The oil industry runs the risk of not being able to cope with the growth of demand, especially if it drastically reduces its investments because of low prices. Are the oil companies “belts” too tight? Noting that certain discontinuities had shaped the oil industry in recent years, the latter actually faced rising competition from renewable energies. Experts specializing in hydrocarbons felt that reducing their investment was not necessarily the best way to drive the market to a new reality. While acknowledging that climate change is a problem that needs to be tackled immediately, it must also be handled delicately as the demand for energy continues to grow.
There was a 20% drop in oil and energy investment in 2016. Citing the decision from the Organization of Petroleum Producers (OPEC) not to reduce production, the high level of American supply and the unexpected resistance of U.S. producers of shale oil, experts stressed that declining prices are making the industry react by reducing costs and decreasing projects experiencing higher costs until times are better. The overall effect is that upstream investment spending has been reduced to dangerous levels. In fact, people should read what she said here.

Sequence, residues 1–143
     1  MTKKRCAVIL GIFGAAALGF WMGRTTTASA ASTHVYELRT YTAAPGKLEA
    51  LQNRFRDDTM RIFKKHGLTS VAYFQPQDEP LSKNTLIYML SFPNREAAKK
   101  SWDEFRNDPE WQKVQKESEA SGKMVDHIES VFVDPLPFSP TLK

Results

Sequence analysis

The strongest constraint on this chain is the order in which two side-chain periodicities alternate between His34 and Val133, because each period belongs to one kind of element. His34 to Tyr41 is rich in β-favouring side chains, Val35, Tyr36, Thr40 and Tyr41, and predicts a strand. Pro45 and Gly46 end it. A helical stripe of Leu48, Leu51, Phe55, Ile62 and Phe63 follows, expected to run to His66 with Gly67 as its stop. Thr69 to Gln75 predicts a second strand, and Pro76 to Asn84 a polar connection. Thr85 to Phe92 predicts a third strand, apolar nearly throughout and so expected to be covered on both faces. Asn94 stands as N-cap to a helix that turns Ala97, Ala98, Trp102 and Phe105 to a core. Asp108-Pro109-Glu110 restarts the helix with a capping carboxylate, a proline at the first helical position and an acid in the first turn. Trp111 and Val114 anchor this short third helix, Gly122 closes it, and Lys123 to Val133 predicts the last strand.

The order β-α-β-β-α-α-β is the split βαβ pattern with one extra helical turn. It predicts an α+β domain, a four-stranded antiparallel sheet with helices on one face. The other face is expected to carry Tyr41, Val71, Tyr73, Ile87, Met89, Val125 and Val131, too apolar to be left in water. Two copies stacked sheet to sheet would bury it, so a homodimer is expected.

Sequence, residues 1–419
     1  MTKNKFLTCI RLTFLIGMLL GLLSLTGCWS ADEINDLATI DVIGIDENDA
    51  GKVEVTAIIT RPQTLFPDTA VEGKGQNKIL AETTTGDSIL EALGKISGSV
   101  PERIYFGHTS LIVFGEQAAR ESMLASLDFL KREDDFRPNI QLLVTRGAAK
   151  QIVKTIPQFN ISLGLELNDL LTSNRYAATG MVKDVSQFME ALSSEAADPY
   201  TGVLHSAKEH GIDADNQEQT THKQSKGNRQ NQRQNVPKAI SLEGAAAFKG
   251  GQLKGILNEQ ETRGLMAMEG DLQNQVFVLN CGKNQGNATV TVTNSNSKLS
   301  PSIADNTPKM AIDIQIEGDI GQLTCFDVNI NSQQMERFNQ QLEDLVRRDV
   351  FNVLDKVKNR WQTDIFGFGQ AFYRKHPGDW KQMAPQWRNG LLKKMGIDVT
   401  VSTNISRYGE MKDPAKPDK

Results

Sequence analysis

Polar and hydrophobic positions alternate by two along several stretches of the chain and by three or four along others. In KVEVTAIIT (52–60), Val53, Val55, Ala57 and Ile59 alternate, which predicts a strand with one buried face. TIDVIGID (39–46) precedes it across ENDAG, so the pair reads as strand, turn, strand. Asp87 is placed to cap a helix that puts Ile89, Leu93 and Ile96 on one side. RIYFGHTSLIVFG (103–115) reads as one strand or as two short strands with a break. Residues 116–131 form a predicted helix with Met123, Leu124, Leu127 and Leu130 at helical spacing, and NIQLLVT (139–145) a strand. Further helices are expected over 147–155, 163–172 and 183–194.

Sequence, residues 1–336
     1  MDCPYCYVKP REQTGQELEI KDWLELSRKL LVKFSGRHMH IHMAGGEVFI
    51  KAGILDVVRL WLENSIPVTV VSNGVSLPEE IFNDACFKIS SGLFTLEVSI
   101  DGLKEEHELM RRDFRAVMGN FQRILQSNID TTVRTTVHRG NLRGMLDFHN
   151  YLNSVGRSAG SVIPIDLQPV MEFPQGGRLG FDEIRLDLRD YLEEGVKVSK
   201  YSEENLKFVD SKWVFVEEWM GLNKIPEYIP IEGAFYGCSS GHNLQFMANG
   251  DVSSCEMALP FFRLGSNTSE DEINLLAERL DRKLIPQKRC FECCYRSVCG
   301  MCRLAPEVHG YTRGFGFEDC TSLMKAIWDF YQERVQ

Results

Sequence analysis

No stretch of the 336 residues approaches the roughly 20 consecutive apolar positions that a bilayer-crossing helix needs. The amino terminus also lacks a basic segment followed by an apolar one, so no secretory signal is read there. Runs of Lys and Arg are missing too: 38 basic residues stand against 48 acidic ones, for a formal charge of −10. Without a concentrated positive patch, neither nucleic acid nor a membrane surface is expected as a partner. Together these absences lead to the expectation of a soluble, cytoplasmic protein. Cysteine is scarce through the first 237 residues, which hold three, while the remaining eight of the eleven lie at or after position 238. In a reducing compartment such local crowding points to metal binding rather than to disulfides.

By 2015, investments have fallen by 20% and this year they are expected to drop even more to about $450 billion. According to the International Energy Agency (IEA), about $600 billion of annual investment was needed to offset the decline in world production, estimated at five percent per year. In other words, it may come a time where the energy sector may not be able to produce enough energy. Some experts argued that the decline in investments could be justified by the fact that demand is lower, but it has increased since 2015 and is at its highest level since 2010. If this situation persists, the world will have a serious problem trying to produce energy. If the oil industry cannot control volatility in the short term, it could at least survive a major imbalance, namely the lack of alignment of prices and costs. If folks consider that oil prices have fallen by about 70% (since mid-2014), costs have dropped only 15% -20%, keeping in line with oil barrels being sold around $120 dollars per barrel.